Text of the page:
Foragers & Herbalists: Pansotti (pot-bellied ravioli) stuffed with foraged stinging nettle & garlic mustard 

May 23, 2022

By Merrie Witkin 

A patch of stinging nettles.

When I started writing this column, stinging nettles (urtica dioica) were not anywhere  on my radar. But I am blessed with an eagle-eyed gardener who knows his local  plants. For years Elton has been bringing me wild foraged watercress and other  greens, and has touted nettles as a delicious green I should try. Finally he found a  patch of nettles while pruning some undergrowth at the edge of my yard and pointed  them out to me. Ever curious, I did some research to see how they could be used. It  turns out nettles are highly nutritious with significant levels of protein, vitamins and  absorbable calcium and iron. They have a delicate earthy flavor, similar to spinach. I tried them in soup, mixed with herbs in a pesto, and in pasta, more particularly in the Ligurian stuffed pasta known as “pansotti” (which means “pot-bellied” in the Ligurian  dialect). All were delicious, but making pansotti was the most fun.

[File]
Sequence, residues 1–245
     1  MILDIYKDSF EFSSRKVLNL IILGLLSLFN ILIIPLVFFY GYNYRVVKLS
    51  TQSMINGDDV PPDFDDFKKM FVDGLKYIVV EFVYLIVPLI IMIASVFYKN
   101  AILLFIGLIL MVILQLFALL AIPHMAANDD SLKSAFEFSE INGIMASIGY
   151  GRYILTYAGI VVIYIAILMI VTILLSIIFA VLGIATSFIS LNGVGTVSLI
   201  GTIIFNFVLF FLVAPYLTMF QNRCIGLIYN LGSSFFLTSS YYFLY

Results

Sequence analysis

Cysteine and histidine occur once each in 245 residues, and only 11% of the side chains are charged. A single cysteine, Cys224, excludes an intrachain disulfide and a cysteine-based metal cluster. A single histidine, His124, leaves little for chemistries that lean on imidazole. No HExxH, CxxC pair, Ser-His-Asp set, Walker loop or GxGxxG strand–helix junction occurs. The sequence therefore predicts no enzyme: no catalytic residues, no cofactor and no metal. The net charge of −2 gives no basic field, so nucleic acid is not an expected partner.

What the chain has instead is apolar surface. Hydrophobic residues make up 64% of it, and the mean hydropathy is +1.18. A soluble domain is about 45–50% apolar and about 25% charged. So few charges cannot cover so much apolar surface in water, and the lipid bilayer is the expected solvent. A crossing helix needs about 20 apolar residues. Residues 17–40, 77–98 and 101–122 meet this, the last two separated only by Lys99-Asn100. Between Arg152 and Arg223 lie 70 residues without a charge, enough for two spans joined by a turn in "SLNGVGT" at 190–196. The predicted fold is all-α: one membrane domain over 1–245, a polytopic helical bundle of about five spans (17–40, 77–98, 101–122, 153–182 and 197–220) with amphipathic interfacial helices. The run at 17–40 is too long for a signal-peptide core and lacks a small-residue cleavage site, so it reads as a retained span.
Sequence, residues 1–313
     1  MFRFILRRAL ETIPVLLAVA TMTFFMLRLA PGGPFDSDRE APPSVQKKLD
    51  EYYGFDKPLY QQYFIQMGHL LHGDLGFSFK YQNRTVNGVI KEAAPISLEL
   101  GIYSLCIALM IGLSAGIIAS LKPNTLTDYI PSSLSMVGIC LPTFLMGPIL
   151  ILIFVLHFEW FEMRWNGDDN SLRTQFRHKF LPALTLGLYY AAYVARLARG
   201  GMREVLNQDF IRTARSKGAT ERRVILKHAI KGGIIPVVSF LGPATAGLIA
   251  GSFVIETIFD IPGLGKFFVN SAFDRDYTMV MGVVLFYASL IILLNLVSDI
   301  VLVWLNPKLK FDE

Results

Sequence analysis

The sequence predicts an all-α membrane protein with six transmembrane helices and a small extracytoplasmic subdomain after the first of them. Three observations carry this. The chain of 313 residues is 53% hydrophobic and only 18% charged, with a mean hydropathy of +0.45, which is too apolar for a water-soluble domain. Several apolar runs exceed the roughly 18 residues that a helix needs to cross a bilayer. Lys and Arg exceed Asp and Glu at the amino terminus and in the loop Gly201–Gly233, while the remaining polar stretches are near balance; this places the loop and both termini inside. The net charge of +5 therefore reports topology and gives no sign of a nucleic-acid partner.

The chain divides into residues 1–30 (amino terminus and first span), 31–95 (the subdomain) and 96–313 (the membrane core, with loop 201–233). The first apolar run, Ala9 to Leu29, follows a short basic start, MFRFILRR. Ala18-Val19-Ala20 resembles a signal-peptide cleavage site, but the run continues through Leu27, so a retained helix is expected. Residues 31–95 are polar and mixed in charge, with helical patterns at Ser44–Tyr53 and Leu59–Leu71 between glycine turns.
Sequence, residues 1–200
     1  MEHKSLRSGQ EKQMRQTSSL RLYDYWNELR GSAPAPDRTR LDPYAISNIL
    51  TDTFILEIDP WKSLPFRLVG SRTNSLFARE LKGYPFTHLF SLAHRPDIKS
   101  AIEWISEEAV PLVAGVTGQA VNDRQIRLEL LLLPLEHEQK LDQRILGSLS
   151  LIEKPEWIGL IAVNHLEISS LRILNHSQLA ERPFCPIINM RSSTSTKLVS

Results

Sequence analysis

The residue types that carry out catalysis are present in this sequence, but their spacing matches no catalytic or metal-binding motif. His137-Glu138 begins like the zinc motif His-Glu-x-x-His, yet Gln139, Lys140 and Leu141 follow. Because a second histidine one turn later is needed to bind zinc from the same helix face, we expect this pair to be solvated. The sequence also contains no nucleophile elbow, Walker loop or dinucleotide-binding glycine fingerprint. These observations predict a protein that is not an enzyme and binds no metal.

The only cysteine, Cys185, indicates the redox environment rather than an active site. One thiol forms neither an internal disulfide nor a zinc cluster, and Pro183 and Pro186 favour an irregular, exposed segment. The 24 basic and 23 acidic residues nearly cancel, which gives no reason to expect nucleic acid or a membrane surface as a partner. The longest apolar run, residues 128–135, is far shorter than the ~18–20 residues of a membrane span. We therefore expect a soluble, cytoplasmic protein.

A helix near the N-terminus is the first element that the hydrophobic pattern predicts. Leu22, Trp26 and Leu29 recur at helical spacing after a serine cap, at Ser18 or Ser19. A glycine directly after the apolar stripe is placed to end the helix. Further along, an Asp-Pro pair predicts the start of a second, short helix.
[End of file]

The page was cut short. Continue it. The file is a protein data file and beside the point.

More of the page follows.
Green leaves in a plastic bag on asphalt

A bag of foraged nettles.

Identifying and harvesting nettles. Stinging nettle is an erect perennial, usually  unbranched, with paired opposing leaves shaped a little like mint—sawtoothed leaves  with pointy tips. They develop large colonies through spread by rhizomes (as well as  seeds). Stinging hairs are located on the lower side of the leaf blade and on the  stems, which are 4-angled. Nettles thrive in damp nutrient rich soil; they are found in  orchards, nurseries, pastures and on the outskirts of farmlands. The plants generally  flower from late May to October, but it is best to collect the greens before they  flower. (1) 

Green leaves in a pot

Stinging nettles must be blanched in order to remove the “sting”

To harvest them and prevent stings, wear long sleeves and gloves and clip the nettle  stems leaving about 3-5 inches of stem and plant remaining. When harvesting in mid  spring, snip off only the tender-leafed top portion. I collect the leafy stems in a  basket, wearing rubber gloves, which enable me then to safely strip off the leaves.  Wash the fresh leaves in a big bowl of cool water, which also lessens the sting.  Cooking or drying the leaves removes the sting entirely. The easiest way to fully de-sting the leaves and prepare them for cooking is to briefly blanch them in salted  boiling water (about a minute, not much more or they become mushy), then drain and  rinse them in cool water. Squeeze the cooled leaves to remove the water, and at this  stage they are ready for whatever recipe you choose to use them in—simply sautéed with oil and garlic, in soup or pesto, or mixed with other herbs and ingredients as a  pasta stuffing, etc. Once blanched they can also be frozen until you are ready to use  them.